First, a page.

Keeping lid on political talk at work isn't easy

FRESNO -- Insurance company owner Michael Der Manouel Jr. isn't shy about offering his political opinion, even at work.

Der Manouel, a well-known Republican activist in Fresno County, said his employees sometimes ask his opinion on various political issues.

And he has no problem sharing. He even gives them a tip sheet he calls "Junior's unofficial ballot suggestions."

"They want to know about different initiatives and candidates, and I give them that information," said Der Manouel, president of Der Manouel Insurance Group in Fresno. "But I don't ask them how they vote. I would never do that."

Der Manouel said he doesn't worry about going overboard talking politics in his office. But legal and ethics experts say discussing politics in the workplace can be a minefield, leading to potential conflicts or, worse, pressure to conform to a boss's political views.

According to a recent survey by, a career information Web site, 35 percent of bosses openly shared their political views with employees and 9 percent of workers felt compelled to conform to their bosses' views.

The national survey collected responses from 727 employees from various industries across the United States.

Mary Segraves, area vice president of Adecco, a staffing company in Modesto, said that politics and religion are two topics that should be avoided in the workplace.

"Some people are so adamant about their political feelings that it can become a heated debate," Segraves said. "It is better to steer clear of it. Everyone has a different level of intensity. Some people are so into it that if they are talking to someone who doesn't see their views, it makes a very uncomfortable workplace."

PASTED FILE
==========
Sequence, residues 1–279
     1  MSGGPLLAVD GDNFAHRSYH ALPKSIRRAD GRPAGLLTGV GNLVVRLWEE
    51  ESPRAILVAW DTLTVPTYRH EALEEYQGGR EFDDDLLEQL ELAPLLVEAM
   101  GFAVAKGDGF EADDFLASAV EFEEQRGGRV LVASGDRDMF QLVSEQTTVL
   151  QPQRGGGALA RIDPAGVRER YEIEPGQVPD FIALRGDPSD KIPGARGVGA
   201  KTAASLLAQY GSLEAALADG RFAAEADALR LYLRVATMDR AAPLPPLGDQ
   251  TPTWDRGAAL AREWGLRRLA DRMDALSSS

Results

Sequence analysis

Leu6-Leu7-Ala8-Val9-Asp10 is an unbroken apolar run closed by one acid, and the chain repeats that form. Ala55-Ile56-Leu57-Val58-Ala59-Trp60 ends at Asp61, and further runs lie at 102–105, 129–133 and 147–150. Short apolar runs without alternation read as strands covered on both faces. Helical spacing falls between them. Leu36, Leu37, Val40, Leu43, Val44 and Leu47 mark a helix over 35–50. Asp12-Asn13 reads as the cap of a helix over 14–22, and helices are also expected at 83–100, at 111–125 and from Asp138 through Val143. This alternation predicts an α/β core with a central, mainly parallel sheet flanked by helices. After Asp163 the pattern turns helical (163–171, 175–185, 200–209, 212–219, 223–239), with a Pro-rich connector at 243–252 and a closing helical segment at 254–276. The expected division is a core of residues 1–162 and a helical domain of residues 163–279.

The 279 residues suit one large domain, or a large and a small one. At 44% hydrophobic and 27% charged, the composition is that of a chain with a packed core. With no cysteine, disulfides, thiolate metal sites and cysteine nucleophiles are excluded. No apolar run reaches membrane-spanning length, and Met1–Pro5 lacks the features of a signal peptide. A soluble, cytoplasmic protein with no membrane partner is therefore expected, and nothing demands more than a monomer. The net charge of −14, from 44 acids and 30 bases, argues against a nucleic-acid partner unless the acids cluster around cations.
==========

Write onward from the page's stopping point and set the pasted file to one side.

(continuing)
Supervisors and business owners must be especially careful about what they say.

"The most important thing for any employer, especially the small-business person, is not to impose your political beliefs on your employees," said Doug Noll, co-author of the book "Sex, Politics & Religion at the Office." "Just because you own the business does not mean you can dictate what they believe."

But keeping a lid on political discussions at work isn't easy.

A 2008 study by the American Management Association found that 39 percent of the hundreds of executives surveyed did not have a written policy prohibiting the distribution or posting of political material.

The same study found that 35 percent of employees felt relatively uncomfortable discussing their political views with co-workers, and 38 percent said they feel the same way about sharing their political views with their supervisors.

Employment lawyer Richard Gray of Sacramento said it's best to steer clear of political discussions in the workplace.

"Our advice to supervisors is: Don't even go there," said Gray, managing shareholder of the law firm Littler Mendelson. "It's like telling sexual jokes or sending inappropriate e-mails. You are playing with fire, and you run the risk of someone being offended."

Gray said the law allows companies to write policies restricting the solicitation and distribution of nonwork-related activities in the office, including political campaigning. The caveat, he said, is that the policy has to be consistently and uniformly enforced.

Employers without formal policies say they allow political discussion as long as it's casual, the conversation doesn't get heated and people respect their co-workers' opinions.

Ideally, that is the way it should work, Noll said.

"If you don't create an environment where people can talk about these issues in a healthy and respectful way, then you will have problems," he said. "Employers need to have a discussion about what is appropriate and what people are comfortable with."

Ethics expert Bruce Weinstein said politics becomes a hot-button issue because those beliefs run much deeper than a person's preference for music, food or movies, for example.

A person's taste in food or music is subjective, Weinstein said.

There is no right or wrong answer. "But if someone holds a different political opinion than you, you think they are an idiot."

And he said knowing a co-worker's political leanings could cause problems: "You may not want to work with them anymore. It has the potential to create friction where none existed before."